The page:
Background and aims
Few reports address the appropriate colonoscopy surveillance interval for individuals <50-years-old. We compared the risk of metachronous neoplasia among young (<50 years), adult (50–74 years) and older (≥75 y) age groups.
This was a single center retrospective cohort study. Eligible subjects underwent their first colonoscopy with polypectomy between 2005 and 2014 and had at least one surveillance colonoscopy 3–5 years later. Patients (N = 495) were stratified at baseline into low-risk adenoma (LRA) and advanced adenoma groups. Study outcomes were overall and high-risk neoplasia at surveillance colonoscopy.
In the baseline LRA-group (N = 201), the 5-year risk of metachronous high-risk neoplasia was 12.5%, 15.2% and 22.5% (P = 0.426) in the young, adult and older age groups, respectively. In the baseline advanced adenoma group (N = 294), the 3-year risk of metachronous high-risk neoplasia was 13.3%, 14.8% and 25.3% (P = 0.041), respectively. In multivariate analysis, the only risk factor for metachronous high-risk neoplasia was older age (OR 1.876, CI 1.087–3.238; P = 0.024).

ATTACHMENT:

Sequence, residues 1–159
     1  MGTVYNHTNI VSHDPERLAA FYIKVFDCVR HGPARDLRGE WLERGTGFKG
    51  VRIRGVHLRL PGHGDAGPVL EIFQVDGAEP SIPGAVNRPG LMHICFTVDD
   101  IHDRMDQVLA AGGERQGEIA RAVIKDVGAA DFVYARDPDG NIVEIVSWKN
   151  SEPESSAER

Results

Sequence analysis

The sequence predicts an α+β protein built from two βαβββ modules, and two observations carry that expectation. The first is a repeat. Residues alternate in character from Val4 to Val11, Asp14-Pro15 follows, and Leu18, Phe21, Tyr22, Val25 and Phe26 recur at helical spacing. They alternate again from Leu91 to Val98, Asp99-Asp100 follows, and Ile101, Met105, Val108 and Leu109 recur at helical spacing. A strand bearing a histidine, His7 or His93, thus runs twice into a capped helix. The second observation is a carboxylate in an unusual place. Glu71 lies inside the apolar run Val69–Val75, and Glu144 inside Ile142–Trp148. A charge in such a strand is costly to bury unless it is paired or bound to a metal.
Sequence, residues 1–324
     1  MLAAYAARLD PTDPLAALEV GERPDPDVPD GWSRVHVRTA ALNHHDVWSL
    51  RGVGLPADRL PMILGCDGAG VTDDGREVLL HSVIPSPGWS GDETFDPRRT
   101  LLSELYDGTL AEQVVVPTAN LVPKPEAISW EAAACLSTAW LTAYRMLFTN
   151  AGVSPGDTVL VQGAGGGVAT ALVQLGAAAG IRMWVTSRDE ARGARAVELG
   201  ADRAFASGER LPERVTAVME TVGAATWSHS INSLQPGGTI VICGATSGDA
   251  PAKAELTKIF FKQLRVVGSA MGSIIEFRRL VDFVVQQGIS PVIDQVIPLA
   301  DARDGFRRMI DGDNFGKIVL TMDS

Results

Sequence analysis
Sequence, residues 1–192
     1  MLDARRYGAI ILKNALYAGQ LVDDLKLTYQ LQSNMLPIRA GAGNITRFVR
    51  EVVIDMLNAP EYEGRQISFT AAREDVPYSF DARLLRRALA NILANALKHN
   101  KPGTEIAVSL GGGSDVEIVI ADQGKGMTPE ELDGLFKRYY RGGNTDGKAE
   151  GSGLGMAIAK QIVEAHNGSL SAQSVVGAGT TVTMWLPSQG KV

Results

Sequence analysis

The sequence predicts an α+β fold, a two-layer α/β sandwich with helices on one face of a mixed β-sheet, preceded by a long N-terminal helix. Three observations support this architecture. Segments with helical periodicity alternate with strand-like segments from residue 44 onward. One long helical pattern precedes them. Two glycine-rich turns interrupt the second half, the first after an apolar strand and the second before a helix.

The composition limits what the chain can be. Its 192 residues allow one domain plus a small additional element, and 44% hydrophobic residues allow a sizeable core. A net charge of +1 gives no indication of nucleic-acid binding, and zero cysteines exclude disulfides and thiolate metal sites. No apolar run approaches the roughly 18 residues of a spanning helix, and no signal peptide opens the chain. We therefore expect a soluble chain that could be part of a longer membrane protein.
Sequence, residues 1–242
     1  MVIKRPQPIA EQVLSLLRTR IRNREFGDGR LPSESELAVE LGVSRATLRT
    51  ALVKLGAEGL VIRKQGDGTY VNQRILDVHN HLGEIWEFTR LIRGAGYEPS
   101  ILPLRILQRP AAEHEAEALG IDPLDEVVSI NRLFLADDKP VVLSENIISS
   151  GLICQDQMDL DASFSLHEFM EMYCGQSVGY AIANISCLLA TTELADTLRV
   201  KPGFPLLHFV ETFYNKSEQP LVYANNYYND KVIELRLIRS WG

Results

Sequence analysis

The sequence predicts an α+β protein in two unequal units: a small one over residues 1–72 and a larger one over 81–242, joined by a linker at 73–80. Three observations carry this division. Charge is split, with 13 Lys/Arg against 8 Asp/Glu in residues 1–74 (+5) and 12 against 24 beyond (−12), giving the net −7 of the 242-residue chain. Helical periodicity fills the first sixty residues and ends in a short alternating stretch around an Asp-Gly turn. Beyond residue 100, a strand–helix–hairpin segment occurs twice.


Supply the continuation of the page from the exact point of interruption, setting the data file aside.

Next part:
Considering the comparable risk of metachronous high-risk neoplasia in young and adult patients, surveillance recommendations after polypectomy should not differ. Since this risk is higher among older people, more frequent surveillance schedule can be considered for this age group but should be individualized.
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Published online: February 06, 2020
Accepted: December 31, 2019
Received: May 28, 2019
© 2020 Editrice Gastroenterologica Italiana S.r.l. Published by Elsevier Ltd. All rights reserved.